Line 57 indicates how many digits are in the integer at publicKey[0] and publicKey[1] by converting those values to strings using the str() function and then finding the length of the string using the len() function. Then, line 58 reports that the public key is being written to the file.

The key file’s contents include the key size, a comma, the n integer, another comma, and the e (or d) integer. For example, the file’s contents should look like this: key size integer, n integer, e or d integer, as in the following *al_sweigart_pubkey.txt* file:

Lines 59 to 61 open the *<name>_pubkey.txt* file in write mode, write the keys to the file, and close it.

59. fo = open('%s_pubkey.txt' % (name), 'w')

60. fo.write('%s,%s,%s' % (keySize, publicKey[0], publicKey[1]))

61. fo.close()

Lines 63 to 68 do the same thing as lines 56 to 61 except they write the private key to the *<name>_privkey.txt* file.

63. print()

64. print('The private key is a %s and a %s digit number.' %

(len(str(publicKey[0])), len(str(publicKey[1]))))

65. print('Writing private key to file %s_privkey.txt...' % (name))

66. fo = open('%s_privkey.txt' % (name), 'w')

67. fo.write('%s,%s,%s' % (keySize, privateKey[0], privateKey[1]))

68. fo.close()

Be sure that nobody hacks your computer and copies these key files. If they obtain your private key file, they’ll be able to decrypt all your messages!

At the end of the program, lines 73 and 74 call the main() function if *makePublicPrivateKeys.py* is being run as a program instead of being imported as a module by another program.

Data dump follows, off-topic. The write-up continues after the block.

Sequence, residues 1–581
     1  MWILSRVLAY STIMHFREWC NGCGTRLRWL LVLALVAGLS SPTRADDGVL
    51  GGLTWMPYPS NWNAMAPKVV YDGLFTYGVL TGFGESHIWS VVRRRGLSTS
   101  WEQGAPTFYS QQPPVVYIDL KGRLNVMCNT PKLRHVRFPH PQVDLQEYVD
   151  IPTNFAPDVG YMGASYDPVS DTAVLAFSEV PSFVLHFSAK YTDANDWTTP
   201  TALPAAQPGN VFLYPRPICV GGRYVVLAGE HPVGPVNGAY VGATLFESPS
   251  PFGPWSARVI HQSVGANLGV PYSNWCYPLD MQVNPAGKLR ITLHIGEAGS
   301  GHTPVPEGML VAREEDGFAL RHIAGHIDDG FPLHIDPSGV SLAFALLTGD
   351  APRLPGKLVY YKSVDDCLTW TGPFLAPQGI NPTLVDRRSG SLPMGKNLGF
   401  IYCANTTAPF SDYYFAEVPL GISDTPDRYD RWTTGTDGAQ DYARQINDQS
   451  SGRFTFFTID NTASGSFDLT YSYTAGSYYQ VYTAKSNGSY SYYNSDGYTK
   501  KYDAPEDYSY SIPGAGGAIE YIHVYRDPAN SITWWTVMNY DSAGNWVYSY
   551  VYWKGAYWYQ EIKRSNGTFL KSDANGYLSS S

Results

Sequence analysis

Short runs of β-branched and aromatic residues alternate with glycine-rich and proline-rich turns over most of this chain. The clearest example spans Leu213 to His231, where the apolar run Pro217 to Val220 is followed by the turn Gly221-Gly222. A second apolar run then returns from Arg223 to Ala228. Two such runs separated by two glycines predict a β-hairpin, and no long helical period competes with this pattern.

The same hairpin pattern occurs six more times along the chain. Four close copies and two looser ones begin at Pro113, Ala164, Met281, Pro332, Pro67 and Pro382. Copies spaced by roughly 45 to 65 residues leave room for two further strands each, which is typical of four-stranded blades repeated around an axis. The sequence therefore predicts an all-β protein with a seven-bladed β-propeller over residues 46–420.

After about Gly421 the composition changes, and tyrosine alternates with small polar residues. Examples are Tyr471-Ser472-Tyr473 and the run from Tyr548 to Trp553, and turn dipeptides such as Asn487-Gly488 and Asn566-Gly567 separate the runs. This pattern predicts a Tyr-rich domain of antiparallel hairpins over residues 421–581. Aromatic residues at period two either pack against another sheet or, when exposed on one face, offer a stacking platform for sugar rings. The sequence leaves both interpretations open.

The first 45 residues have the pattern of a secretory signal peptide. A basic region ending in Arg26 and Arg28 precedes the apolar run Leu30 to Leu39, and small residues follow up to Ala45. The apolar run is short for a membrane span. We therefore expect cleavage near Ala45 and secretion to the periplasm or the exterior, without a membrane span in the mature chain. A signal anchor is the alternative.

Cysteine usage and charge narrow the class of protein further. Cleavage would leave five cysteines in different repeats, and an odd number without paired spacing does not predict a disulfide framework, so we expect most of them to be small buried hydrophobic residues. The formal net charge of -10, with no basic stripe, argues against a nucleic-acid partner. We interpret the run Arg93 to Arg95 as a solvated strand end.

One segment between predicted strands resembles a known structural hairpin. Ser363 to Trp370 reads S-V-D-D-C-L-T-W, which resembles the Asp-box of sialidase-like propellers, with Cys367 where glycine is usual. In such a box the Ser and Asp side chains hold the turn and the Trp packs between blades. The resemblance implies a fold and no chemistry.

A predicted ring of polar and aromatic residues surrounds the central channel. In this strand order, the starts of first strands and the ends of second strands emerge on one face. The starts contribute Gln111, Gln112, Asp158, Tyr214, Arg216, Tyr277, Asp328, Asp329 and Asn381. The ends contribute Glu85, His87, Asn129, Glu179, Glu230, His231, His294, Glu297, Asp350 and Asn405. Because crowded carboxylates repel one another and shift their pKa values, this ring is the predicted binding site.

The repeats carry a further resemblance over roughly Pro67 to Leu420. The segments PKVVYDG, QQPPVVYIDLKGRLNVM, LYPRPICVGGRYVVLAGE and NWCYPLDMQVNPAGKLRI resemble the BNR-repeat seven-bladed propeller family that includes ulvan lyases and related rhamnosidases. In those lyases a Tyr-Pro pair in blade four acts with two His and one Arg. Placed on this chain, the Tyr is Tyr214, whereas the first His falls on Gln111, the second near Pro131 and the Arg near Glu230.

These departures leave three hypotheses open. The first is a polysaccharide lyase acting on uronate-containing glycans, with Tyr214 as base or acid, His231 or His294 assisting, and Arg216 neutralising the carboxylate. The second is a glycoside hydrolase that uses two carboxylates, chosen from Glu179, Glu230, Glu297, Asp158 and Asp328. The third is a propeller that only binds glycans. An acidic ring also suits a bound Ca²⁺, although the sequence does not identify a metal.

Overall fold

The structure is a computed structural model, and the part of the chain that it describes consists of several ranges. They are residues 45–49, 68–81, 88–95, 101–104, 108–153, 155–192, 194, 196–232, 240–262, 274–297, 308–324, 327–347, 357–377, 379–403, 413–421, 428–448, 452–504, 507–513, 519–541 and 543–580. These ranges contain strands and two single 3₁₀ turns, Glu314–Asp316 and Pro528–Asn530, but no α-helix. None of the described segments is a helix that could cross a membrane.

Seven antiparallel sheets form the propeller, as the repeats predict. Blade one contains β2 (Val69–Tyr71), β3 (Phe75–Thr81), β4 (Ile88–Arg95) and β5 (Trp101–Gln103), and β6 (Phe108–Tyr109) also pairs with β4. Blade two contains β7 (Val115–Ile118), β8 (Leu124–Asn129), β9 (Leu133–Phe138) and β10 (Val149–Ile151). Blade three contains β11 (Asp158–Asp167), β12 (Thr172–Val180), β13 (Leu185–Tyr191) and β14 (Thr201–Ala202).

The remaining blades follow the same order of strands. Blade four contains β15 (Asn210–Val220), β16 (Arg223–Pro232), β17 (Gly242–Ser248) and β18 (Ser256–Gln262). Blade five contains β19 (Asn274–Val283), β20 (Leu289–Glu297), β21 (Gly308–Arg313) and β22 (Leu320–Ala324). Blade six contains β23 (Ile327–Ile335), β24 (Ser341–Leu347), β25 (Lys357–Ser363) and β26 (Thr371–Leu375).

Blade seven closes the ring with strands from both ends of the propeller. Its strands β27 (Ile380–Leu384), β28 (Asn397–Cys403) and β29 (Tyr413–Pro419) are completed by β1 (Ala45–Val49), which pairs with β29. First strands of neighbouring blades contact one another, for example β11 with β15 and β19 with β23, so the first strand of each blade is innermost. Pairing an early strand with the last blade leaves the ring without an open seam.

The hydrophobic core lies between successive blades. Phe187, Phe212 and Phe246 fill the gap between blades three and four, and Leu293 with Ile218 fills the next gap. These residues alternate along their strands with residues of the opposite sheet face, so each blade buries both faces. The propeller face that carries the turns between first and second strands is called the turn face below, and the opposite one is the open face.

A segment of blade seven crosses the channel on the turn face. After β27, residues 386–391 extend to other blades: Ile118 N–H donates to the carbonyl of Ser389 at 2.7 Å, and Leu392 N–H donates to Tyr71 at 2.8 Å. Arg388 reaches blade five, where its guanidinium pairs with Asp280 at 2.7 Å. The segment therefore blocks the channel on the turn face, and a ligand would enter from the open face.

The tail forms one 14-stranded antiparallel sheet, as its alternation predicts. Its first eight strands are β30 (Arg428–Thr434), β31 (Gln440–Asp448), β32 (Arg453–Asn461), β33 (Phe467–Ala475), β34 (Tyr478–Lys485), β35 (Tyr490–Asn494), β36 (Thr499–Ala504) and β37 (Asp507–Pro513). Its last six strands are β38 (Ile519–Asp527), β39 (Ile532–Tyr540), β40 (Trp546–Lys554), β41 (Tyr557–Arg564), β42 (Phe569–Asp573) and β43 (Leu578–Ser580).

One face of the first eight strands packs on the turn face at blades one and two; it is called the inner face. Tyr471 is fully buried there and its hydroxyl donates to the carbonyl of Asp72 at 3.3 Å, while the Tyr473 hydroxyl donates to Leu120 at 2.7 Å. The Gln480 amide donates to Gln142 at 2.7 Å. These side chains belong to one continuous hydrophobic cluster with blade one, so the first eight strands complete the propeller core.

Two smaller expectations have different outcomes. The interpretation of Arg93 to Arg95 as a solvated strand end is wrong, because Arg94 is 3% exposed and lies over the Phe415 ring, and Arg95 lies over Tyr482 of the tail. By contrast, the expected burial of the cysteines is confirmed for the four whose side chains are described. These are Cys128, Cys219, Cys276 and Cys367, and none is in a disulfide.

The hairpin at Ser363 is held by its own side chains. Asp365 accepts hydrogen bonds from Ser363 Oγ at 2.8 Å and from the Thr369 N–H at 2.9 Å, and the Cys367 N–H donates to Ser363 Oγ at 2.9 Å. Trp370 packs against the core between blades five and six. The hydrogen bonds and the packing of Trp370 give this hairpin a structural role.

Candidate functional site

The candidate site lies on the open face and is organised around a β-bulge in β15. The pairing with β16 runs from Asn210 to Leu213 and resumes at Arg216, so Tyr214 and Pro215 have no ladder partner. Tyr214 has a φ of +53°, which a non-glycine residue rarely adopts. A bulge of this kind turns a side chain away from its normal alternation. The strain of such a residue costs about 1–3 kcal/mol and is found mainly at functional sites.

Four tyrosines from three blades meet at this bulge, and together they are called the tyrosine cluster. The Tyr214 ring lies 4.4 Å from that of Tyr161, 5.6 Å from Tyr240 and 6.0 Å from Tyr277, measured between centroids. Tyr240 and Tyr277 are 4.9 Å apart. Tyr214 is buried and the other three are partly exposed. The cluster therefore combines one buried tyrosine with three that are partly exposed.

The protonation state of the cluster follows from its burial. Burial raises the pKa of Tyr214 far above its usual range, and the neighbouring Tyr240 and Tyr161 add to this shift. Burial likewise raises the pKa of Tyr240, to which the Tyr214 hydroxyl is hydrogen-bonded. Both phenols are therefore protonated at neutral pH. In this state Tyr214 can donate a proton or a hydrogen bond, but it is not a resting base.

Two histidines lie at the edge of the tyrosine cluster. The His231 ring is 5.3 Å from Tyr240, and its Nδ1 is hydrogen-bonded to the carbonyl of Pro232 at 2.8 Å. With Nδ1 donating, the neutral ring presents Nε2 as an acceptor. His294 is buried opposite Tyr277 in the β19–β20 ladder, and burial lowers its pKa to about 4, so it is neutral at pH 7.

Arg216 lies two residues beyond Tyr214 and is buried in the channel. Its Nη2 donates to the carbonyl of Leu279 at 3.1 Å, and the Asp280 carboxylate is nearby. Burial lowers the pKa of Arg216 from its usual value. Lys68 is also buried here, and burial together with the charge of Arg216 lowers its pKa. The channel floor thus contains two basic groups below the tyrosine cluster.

71. # If makePublicPrivateKeys.py is run (instead of imported as a module),

72. # call the main() function:

73. if __name__ == '__main__':

74. main()

Now you have a program that can generate public and private keys. Although the public key cipher is useful for starting communications between two people who don’t have a way to securely exchange keys, it’s usually not used for all encrypted communication because of the drawbacks of public key cryptography. Often, public key ciphers are instead used in hybrid cryptosystems.

RSA and public key encryption take lots of time to compute. This is especially true for servers that need to make thousands of encrypted connections with other computers per second. As a workaround, people can use public key encryption to encrypt and distribute the key for a much faster *symmetric key cipher*, which is any type of cipher where the decryption and encryption keys are the same. After securely sending the symmetric cipher’s key to the receiver using a public key–encrypted message, the sender can use the symmetric cipher for future messages. Using both a symmetric key cipher and an asymmetric key cipher to communicate is called a *hybrid cryptosystem*. You can read more about hybrid cryptosystems at *https://en.wikipedia.org/wiki/Hybrid_cryptosystem*.

In this chapter, you learned how public key cryptography works and how to write a program that generates the public and private keys. In Chapter 24, you’ll use these keys to perform encryption and decryption using the public key cipher.